How AI transcription is helping business and education through the pandemic [Q&A]

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The COVID-19 pandemic has seen large numbers of people adapting to new working patterns and ways of interacting.

AI-based transcription platform has seen a fivefold increase in demand in recent months and has transcribed 750 million minutes from over 25 million meetings. We spoke to Otter's founder Sam Liang to find out more about how it's helping to shape the future of work and education.

BN: Can you tell us a bit about the Ambient Voice Intelligence technology that underpins Otter?

SL: At we have developed our own proprietary stack, including automated speech recognition, speaker separation (diarization) and identification, word synchronization, and summarization. The Ambient Voice Intelligence technology uses proprietary artificial intelligence to generate secure, shareable, searchable, rich notes in real-time that combine audio, transcription, speaker identification, inline photos, and key phrases. Otter is different from the likes of Alexa or Siri as it is able to process multi-speaker conversations, like a long Zoom meeting.

BN: How do you cope with new words, technical terms, acronyms, etc?

SL: Transcribing text has many challenges to overcome, from new words or acronyms, different accents, how people pronounce certain words, background noise, how close someone is to the microphone, etc.'s system is built from the ground up to handle all the complexity required for transcribing multiple participants. We use millions of hours of recordings to train our deep learning algorithm. We plug in huge amounts of data to train our model, in a very large neural network with many nodes, which creates a huge matrix from thousands of different variations of words, technical terms, acronyms. By using natural language processing (NLP), we are also able to understand the partial meaning of the words. So which words that actually usually go together, or which words rarely go together, to make the transcription model work even more efficiently.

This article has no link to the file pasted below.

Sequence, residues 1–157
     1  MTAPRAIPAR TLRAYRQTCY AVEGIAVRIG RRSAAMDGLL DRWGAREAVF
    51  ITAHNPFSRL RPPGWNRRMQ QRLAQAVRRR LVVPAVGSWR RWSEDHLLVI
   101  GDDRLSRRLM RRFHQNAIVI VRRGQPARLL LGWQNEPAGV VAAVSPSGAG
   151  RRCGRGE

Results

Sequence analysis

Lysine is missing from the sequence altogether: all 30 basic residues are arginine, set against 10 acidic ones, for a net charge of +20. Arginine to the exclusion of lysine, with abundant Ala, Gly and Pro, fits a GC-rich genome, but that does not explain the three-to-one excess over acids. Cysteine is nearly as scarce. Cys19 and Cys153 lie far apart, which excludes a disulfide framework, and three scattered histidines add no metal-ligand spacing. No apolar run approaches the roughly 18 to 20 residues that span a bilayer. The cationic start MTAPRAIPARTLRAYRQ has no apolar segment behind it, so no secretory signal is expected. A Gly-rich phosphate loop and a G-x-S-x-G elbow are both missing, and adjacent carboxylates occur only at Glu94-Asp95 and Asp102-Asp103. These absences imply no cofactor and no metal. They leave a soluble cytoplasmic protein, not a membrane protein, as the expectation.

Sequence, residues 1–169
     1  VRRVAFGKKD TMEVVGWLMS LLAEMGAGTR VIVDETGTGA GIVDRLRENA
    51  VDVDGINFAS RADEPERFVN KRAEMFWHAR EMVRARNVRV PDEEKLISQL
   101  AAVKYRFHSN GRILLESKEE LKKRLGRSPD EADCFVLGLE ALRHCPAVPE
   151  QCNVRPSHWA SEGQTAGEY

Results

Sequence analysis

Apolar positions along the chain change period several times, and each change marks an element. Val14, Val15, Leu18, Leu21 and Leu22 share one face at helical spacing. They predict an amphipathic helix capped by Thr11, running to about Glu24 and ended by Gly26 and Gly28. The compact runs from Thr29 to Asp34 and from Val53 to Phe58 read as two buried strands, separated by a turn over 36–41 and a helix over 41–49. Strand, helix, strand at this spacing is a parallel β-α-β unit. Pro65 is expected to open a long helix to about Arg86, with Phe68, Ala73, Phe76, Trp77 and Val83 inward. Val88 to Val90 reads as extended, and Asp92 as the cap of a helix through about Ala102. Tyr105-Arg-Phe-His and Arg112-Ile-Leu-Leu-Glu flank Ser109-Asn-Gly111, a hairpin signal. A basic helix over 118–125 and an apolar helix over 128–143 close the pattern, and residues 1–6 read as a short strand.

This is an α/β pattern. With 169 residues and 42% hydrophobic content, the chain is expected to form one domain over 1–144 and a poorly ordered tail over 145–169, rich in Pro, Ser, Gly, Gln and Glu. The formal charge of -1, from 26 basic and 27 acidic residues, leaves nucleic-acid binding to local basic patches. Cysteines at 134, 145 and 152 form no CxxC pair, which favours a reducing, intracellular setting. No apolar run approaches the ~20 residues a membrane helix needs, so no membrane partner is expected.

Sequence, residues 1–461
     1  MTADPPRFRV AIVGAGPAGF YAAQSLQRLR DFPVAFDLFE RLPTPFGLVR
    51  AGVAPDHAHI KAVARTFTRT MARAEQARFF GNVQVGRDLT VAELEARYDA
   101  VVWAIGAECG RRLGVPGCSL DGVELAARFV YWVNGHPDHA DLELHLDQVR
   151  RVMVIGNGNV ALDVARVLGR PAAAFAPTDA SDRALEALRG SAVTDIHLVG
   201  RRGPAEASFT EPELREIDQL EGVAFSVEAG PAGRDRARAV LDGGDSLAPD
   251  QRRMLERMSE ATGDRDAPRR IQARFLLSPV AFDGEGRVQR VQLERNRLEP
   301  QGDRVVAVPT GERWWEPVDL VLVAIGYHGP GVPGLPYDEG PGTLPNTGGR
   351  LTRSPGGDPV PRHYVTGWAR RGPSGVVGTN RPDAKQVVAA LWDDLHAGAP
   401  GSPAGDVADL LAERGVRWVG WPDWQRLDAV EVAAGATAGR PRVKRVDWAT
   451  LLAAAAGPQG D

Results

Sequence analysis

The speech recognition technology itself has a lot of AI and machine learning to separate the noise -- we actually inject in our training system a lot of the noise into the training data to make it harder, so that the model can learn how to handle the noise, as well as accents and new words.

BN: How does the new Live Notes feature differ?

SL: Otter Live Notes enables participants to open a secure, live interactive transcript directly from a video conference, or after a meeting. It is ideal for business users working from home and students attending classes online who want to highlight, share, search, and review their notes. What we all know though is that if you are to 'miss' a meeting, colleagues notes or updates can often be lacking, especially when people are finding remote collaboration more mentally challenging with 'Zoom Fatigue'. Team members can feel confident that their colleagues will generate and share secure quality notes so they can quickly get the information they need when they miss a meeting through our Live Notes function.